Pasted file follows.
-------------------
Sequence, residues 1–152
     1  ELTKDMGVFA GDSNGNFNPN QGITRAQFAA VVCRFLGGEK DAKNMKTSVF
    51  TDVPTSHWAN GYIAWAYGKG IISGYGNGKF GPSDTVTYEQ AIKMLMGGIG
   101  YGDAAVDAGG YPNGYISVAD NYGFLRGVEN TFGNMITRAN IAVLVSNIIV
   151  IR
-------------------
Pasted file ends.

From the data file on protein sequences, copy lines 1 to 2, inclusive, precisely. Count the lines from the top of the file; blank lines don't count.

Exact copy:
Sequence, residues 1–152
     1  ELTKDMGVFA GDSNGNFNPN QGITRAQFAA VVCRFLGGEK DAKNMKTSVF